During that night. the engineers cleared another path for the tanks and constructed a causeway across the antitank ditch with picks and shovels.  The 1/116 infantry continued attacks which nearly encircled the fort except for a small corridor in the southeast that was still held by the Germans. At 1030 hrs. on the 15th, the crocodiles returned and flamed the moat and over the walls until their fuel was exhausted.  An armored bulldozer was brought up and cleared a path around the disabled tanks but a German (most likely a sniper) managed to shoot through the vision slot which took out the driver.

On the morning of the 16th, the 1/116 infantry made ready for its final assault on the fort.  At 1300 hrs., three crocodiles attacked the fort with one of the M10s firing HE rounds at the main gate.  After the M10 had expended all its shells, the next M10 was brought up to replace it.   The third M10 was instructed to fire at the concrete top of a tunnel under the moat on the north side of the fort.  It managed to create a small hole in the tunnel which allowed entry to the passageways underneath the fort. The M10 3″ guns had little effect on the rubble blocking the main doorway so a short barrel M3 105mm howitzer from the cannon company was brought up.  Positioned directly in front of the main door and after firing 15-20 HE rounds it effectively destroyed the blocking rubble then three more crocodiles moved up and flamed the fort.  After the 105mm ran out of shells, one of the Churchill tanks continued the firing at the main doorway.  For the final assault,  three crocodiles moved up and flamed everything except the north wall while the B/116 infantry covered  engineers who placed 1500-2000 lbs. (680-907 kg) of TNT in the tunnel underneath the fort’s north wall. The detonation of the TNT charge in the tunnel caved in part of the north side of the fort. The Germans in the fort finally surrendered and 60+ POWs were taken.  The Germans were only able to hold out against all the flaming because they had a supply of discarded gas masks.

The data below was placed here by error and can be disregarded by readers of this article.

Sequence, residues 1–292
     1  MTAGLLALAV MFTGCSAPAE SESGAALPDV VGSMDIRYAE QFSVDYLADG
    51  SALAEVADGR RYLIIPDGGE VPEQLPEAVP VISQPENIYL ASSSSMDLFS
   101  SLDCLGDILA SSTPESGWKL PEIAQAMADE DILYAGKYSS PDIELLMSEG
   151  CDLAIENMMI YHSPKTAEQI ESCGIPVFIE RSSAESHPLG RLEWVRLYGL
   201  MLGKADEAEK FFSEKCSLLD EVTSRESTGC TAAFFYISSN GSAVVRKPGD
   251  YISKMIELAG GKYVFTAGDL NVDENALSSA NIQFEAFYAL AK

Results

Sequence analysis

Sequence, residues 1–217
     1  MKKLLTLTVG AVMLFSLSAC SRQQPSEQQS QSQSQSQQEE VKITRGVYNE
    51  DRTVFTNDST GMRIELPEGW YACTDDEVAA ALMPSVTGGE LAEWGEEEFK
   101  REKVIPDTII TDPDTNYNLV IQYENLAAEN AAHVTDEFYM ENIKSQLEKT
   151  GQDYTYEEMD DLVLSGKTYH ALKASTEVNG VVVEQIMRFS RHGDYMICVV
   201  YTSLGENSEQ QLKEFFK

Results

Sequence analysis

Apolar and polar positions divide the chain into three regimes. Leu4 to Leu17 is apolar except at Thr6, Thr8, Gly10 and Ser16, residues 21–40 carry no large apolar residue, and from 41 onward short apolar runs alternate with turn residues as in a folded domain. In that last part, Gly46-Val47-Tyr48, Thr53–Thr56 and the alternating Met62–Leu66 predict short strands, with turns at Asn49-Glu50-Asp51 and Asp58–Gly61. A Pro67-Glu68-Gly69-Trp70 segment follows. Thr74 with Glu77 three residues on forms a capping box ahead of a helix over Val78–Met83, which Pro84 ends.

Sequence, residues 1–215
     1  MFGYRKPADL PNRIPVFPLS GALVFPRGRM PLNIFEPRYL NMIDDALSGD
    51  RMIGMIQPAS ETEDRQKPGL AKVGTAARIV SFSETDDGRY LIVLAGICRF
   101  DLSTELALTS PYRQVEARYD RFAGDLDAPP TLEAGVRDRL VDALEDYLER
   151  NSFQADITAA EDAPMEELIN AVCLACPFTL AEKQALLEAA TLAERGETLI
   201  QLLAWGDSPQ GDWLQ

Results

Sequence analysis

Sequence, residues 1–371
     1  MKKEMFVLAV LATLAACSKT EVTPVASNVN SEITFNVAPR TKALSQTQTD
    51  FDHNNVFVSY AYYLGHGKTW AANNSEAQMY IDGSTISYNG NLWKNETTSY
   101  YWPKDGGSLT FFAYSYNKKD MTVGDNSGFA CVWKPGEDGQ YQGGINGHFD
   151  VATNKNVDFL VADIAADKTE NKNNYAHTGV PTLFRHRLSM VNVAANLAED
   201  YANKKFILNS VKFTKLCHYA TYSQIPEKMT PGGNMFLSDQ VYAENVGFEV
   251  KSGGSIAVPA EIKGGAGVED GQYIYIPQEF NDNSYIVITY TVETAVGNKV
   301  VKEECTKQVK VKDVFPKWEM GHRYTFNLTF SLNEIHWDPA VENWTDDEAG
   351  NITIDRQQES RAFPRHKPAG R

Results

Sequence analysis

Views of Fort Montbarey after its capture.




Fort Montbarey today is a museum and within the fort is a crocodile from the battle.  Note that the hull side escape hatch is open but they plated over the opening.





Operation Alan, S’Hertogenbosch, Holland 24–27 October 1944

The 53rd (Welsh) Infantry Division was one of the divisions that liberated the city which was occupied by the German 712 Infanterie-Division and was supported by crocodiles of 141 RAC C Squadron.


24 October 1944: [3]
Lieutenant Ian Sheriff’s crocodile “Sandgate” flames very close to an Esso petrol station.



Two of the three crocodiles supporting the East Lancs waiting on the Vughterstraat for the signal to advance.



26 October 1944:
At the Wilhelminaplein roundabout in S’Hertogenbosch are two bridges, one went south to Vught and the other west to Vlijmen.  The buildings on the German side of the Dommel canal were strongholds manned by troops of Feldersatz-Bataillon 347 (FEB 347) [4] which were supported by two Sturmgeschutz IIIs from schwere Heere Panzerjager-Abteilung 559 with one concealed inside or near one of the buildings.  The 141 RAC crocodiles supporting the 1st Battalion, East Lancashire Regiment (158th Infantry Brigade) entered the roundabout and immediately flamed the wrong bridge, the southern one to Vught.  Lt Sheriff realized his mistake after being alerted by the infantry (who were probably cursing at him). He then directed his driver to the other bridge. Once he began flaming the correct bridge, there was a sudden flash and his tank was hit on the turret side.  The shell did not explode and did not completely penetrate the armour but was stuck half way through and was still glowing.  That crew was very lucky to survive.



The Wilhelminaplein roundabout with crocodiles flaming in the background.




The beginning segment of this film shows 141 RAC crocodiles in action between Nuland and Geffen supporting an attack of the 160th Brigade, 53rd Division.

Film:   Hammering At Hertogenbosch (1944)


This is my close-up of “Sandling” from the film.




Geilenkirchen, 19 November 1944
During Operation Clipper, A Squadron supported the US 84th infantry Division “Rail splitters” while attached to the British XXX Corps.  During most engagements, after a few flame squirts the defenders would pour out and surrender but that was not always the outcome.  While supporting the US 333rd Infantry Regiment during an advance to towards the village of Beeck (northeast of Geilenkirchen) during a heavy rain, two crocodiles and three gun tanks moved forward to flame two pillboxes blocking the infantry’s advance.  Unknown was one of the pillboxes had an 88mm AT gun.  After three successive shots, three of the advancing tanks were knocked out and the infantry were forced to dig into the muddy ground while under fire in the rain and had to wait for     re-enforcements.


Whitewashed 141 RAC crocodiles (probably A Squadron) passing through Höngen, Germany heading toward Heinsberg in November.  Höngen is northwest of Geilenkirchen and Heinsburg is directly north of Geilenkirchen.




Film:   West Front War Report (1945)

This is my screen capture from segment 2:04-2:05 in the film.